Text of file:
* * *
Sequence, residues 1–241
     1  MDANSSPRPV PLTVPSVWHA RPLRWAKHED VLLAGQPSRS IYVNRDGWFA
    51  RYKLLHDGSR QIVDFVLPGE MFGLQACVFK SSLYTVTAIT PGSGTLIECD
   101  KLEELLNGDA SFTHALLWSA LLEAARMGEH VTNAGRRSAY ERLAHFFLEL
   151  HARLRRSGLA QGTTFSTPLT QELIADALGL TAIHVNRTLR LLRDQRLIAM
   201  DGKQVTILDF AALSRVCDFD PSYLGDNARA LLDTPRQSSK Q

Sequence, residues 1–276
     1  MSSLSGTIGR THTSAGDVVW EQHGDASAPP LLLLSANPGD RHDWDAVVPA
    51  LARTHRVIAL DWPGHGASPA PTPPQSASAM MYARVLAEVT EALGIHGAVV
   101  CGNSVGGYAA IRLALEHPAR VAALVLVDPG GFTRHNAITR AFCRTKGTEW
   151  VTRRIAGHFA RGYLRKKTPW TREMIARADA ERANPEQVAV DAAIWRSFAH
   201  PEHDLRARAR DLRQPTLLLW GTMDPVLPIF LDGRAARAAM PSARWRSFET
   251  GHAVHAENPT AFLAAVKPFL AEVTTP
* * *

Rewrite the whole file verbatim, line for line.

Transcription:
Sequence, residues 1–241
     1  MDANSSPRPV PLTVPSVWHA RPLRWAKHED VLLAGQPSRS IYVNRDGWFA
    51  RYKLLHDGSR QIVDFVLPGE MFGLQACVFK SSLYTVTAIT PGSGTLIECD
   101  KLEELLNGDA SFTHALLWSA LLEAARMGEH VTNAGRRSAY ERLAHFFLEL
   151  HARLRRSGLA QGTTFSTPLT QELIADALGL TAIHVNRTLR LLRDQRLIAM
   201  DGKQVTILDF AALSRVCDFD PSYLGDNARA LLDTPRQSSK Q

Sequence, residues 1–276
     1  MSSLSGTIGR THTSAGDVVW EQHGDASAPP LLLLSANPGD RHDWDAVVPA
    51  LARTHRVIAL DWPGHGASPA PTPPQSASAM MYARVLAEVT EALGIHGAVV
   101  CGNSVGGYAA IRLALEHPAR VAALVLVDPG GFTRHNAITR AFCRTKGTEW
   151  VTRRIAGHFA RGYLRKKTPW TREMIARADA ERANPEQVAV DAAIWRSFAH
   201  PEHDLRARAR DLRQPTLLLW GTMDPVLPIF LDGRAARAAM PSARWRSFET
   251  GHAVHAENPT AFLAAVKPFL AEVTTP